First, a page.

The Normative Instruction further clarifies the potential ramifications of failing to deliver the declaration or submitting it late or inaccurately. In such cases, the RFB will fine the person responsible with an amount that can vary, depending on the conduct and legal qualifications of the declarator. If during an inspection, RFB officials find evidence of money laundering crimes, the institution will formalize communication with the Federal Public Prosecutor’s Office.
What information should be provided to the RFB?
As the new instruction states, the person or entity required to deliver the declaration must present detailed information about all the financial activity carried out with Bitcoin or other cryptocurrencies. This includes the date of each operation and the type of transaction, which was carried out (payment, purchase, sale, donation, withdrawal, and crypto-to-crypto exchanges). Moreover, the declaration must contain information about the operation holders and the cryptography used for trading. It should also inform about the quantity of the cryptocurrency coins or tokens traded, their transactional value (in reais), and the service fees value charged for executing the operation. For exchanges, which are domiciled abroad, the declarator must provide the exchange identification used while conducting the transaction.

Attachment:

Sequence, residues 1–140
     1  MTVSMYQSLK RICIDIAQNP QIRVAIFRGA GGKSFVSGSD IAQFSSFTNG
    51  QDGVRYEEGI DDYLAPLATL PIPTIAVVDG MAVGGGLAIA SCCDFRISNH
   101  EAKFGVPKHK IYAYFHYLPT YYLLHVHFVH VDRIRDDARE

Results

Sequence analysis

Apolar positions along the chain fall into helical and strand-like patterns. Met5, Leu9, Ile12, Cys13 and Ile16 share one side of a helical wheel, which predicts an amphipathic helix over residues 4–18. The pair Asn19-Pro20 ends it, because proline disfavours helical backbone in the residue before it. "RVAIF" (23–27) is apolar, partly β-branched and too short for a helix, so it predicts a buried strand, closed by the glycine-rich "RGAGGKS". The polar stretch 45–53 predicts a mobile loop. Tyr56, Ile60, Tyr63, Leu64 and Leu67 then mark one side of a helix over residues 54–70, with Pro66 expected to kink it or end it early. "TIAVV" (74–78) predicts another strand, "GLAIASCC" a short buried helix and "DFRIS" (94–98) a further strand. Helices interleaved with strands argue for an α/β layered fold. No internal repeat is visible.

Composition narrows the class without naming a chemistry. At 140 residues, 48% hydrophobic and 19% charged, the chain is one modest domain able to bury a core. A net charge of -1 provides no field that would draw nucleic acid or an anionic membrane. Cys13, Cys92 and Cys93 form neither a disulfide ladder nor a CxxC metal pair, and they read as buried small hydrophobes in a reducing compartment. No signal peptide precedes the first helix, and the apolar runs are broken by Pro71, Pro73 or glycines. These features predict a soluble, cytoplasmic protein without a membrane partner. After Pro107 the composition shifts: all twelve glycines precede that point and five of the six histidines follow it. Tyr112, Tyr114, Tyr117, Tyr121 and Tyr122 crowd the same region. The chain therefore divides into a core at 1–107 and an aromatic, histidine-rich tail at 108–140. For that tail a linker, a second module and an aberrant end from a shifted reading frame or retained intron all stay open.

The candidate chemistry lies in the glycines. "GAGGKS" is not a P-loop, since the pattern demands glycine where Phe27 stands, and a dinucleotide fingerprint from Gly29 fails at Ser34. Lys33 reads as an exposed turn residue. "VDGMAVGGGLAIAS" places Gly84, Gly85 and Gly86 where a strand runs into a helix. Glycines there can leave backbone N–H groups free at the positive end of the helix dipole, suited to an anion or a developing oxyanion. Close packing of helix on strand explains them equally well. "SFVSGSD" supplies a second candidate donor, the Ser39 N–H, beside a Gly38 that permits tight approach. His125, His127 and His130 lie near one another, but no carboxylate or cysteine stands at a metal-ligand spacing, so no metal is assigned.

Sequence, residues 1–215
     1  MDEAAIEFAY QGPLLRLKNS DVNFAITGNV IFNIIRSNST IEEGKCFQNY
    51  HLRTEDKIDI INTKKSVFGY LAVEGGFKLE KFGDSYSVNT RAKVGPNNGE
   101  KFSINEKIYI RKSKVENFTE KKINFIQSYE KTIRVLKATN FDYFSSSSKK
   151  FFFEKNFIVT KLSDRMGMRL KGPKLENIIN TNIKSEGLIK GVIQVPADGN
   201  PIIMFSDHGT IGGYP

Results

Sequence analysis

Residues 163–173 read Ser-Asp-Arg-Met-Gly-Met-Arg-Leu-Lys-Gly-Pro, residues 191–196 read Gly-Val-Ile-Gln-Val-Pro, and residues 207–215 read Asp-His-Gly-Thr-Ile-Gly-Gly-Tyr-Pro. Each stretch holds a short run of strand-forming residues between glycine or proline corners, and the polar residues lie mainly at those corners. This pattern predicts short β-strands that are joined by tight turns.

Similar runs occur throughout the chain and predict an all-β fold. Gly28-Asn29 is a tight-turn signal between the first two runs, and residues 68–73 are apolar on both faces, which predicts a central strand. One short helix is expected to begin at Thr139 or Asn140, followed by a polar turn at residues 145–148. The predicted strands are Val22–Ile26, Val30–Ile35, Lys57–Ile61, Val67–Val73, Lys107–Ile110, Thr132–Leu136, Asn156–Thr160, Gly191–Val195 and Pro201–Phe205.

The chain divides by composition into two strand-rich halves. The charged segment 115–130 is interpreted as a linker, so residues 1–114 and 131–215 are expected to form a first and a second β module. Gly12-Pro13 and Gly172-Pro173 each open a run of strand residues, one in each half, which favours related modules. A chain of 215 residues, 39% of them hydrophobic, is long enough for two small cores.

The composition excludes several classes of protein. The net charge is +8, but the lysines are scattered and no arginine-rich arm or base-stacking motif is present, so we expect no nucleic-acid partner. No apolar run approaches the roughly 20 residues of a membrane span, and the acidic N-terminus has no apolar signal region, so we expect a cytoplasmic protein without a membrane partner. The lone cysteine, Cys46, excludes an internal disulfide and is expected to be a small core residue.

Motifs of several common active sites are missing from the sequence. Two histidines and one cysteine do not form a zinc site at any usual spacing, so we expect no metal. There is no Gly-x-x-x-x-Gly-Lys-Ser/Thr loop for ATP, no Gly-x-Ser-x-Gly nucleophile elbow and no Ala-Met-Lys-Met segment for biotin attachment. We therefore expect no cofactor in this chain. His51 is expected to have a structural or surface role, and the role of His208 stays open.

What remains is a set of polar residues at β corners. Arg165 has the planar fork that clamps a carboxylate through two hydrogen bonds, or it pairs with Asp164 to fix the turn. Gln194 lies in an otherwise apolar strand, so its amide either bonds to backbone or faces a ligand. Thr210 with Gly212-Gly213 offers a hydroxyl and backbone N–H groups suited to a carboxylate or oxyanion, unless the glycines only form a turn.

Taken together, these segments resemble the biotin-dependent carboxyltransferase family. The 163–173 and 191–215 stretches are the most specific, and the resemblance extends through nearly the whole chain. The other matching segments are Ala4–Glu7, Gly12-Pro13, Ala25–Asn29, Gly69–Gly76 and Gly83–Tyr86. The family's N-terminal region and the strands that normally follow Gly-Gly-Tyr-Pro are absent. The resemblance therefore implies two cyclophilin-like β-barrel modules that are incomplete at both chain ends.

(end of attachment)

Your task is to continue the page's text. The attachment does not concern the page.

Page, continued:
In addition to this, the RFB has made it mandatory that exchanges operating in Brazil must submit information regarding users and their digital asset trading activity. For tax purposes, cryptocurrency trading platforms must provide the balance of fiat currencies that each user has at their disposal. They should also record and inform about their balance of each type of crypto (in units) and the cost, at which they obtained the said assets. All this information must be submitted as part of the December monthly statement of the exchange.
Why was the normative instruction put in effect?